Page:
The Temptation of St Tony

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Here is my review of this film published in Take One magazine:-

The deliciously intriguing, witty opening – a peculiar funeral procession which is rudely interrupted in a most unexpected manner – sets the tone for this Estonian curiosity. It’s the beginning of a bizarre story which follows Tony, a middle manager who seems in a constant state of bewilderment, on a series of strange and ever more troubling encounters.

 

The narrative is full of unexpected and outlandish elements, as the story moves from the eccentric to something much more gruesome. The film is clearly inspired by, and makes reference to, a number of other filmmakers: Buñuel, in its sense of the surreal and an ever present potential for the unexpected; Lynch in its weird and unsettling juxtapositions, and its palpable sense of menace beneath the everyday; Roy Andersson in the precisely composed scenes, with their dead-pan humour; even Bela Tarr in some of those slow tracking shots over rain sodden earth (thanks to the striking black and white photography of Mart Taniel).

 

Somehow, though, writer/director Veiko Õunpuu brings together these elements in a coherent, distinctive modern fable on morality. The film explores the dilemmas and confusions in making moral choices, both in relation to the wider social setting of capitalism and its corporate imperatives, but also more importantly in the personal predicaments that Tony, our non-descript modern-day Saint Anthony, faces. Taavi Eelmaa is perfect casting as Tony, his face subtlety registering every possible kind of bafflement as he tries to negotiate his way through the strange, almost Kafkaesque, world he finds himself in. As the story descends ever more into the nightmarish, satanic ‘forest dark’ of the Dante quote captioned at the start of the film, the moral choices become ever more confusing and troubling, and the nature of goodness more elusive.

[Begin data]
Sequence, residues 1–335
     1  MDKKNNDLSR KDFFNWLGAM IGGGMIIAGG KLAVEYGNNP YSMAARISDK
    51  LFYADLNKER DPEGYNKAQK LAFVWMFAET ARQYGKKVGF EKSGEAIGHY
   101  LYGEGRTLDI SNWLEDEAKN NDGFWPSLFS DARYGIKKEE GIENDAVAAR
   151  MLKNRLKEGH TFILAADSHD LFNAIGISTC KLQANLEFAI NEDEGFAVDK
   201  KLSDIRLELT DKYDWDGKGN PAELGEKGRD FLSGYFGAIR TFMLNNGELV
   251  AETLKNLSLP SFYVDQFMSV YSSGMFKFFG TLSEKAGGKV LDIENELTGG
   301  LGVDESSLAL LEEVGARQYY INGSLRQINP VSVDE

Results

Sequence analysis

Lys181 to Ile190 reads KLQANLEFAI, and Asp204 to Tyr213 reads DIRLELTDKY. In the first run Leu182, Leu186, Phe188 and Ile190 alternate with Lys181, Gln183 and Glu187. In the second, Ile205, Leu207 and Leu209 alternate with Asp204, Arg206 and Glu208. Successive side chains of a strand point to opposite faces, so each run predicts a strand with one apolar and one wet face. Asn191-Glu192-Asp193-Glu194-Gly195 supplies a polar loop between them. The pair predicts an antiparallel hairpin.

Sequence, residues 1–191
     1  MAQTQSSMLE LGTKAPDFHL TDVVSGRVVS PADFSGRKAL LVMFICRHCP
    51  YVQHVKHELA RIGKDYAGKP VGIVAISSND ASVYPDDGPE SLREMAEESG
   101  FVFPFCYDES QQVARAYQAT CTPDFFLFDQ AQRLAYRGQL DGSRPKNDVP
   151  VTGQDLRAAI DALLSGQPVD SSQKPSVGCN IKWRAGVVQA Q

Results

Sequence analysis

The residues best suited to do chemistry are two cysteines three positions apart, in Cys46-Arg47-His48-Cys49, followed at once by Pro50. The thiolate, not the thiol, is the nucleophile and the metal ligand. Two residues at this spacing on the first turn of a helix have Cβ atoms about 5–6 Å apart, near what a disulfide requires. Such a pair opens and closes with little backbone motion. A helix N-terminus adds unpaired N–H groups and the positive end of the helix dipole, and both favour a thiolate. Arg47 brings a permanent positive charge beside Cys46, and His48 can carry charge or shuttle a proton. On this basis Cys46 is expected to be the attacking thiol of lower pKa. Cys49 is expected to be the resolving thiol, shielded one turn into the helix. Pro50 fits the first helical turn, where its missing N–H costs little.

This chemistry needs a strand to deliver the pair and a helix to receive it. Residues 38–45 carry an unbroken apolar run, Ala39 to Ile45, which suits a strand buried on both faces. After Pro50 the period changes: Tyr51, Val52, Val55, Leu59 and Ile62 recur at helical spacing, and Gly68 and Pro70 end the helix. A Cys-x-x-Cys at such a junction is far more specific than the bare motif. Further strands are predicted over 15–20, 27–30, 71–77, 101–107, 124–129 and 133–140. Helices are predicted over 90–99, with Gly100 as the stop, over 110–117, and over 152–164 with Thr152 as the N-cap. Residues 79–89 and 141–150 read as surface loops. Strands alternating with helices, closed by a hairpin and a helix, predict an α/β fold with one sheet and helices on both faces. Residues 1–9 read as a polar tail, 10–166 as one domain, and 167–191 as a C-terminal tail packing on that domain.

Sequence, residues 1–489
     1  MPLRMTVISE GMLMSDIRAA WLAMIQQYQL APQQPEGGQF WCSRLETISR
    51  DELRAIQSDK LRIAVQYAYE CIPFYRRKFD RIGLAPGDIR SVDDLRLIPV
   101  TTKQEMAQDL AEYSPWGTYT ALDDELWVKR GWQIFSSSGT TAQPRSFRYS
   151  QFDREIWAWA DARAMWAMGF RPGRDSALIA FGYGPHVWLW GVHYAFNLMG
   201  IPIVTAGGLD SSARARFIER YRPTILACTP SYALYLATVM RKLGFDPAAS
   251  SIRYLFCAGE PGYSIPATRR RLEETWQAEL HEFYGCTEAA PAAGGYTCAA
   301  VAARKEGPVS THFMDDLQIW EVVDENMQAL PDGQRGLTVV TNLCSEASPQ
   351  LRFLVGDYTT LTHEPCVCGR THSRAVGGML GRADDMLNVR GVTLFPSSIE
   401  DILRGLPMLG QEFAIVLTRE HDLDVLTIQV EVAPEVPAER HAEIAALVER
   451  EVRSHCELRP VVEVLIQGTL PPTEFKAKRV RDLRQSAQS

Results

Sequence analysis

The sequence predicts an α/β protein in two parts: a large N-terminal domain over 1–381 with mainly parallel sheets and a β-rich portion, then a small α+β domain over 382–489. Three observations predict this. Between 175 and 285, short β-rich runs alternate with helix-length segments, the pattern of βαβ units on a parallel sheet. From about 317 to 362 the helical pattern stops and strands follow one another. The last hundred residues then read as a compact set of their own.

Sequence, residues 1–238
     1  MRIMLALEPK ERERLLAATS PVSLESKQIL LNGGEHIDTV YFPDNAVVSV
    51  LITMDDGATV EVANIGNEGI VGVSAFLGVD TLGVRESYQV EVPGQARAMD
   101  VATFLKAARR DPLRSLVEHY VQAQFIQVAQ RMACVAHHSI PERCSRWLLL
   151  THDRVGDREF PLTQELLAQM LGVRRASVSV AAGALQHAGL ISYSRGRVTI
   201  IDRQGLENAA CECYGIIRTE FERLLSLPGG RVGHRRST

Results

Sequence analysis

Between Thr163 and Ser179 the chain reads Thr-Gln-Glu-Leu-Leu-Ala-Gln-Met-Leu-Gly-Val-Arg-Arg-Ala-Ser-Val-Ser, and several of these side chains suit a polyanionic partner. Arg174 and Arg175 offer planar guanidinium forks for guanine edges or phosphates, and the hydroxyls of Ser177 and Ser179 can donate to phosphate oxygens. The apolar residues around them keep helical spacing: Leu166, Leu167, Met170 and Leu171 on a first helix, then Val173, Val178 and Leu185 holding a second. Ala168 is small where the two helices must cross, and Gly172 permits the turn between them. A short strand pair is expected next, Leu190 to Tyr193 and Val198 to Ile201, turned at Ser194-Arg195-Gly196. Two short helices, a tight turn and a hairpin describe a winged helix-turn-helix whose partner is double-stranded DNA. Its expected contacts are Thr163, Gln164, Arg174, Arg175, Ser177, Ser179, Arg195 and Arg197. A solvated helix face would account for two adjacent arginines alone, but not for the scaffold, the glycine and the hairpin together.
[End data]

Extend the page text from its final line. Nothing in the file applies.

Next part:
THE TEMPTATION OF ST TONY is a film which is fresh, bold, and stimulating. It is also deliberately provocative: the final, unforgettable incident in the story – reminiscent of a notorious Peter Greenaway scene – is both grotesque and distastefully ironic, but perhaps the most fitting finale for this contemporary ‘saint’. Whatever your reaction, THE TEMPTATION OF ST TONY is guaranteed to stimulate the most lively of post-film discussions.

 

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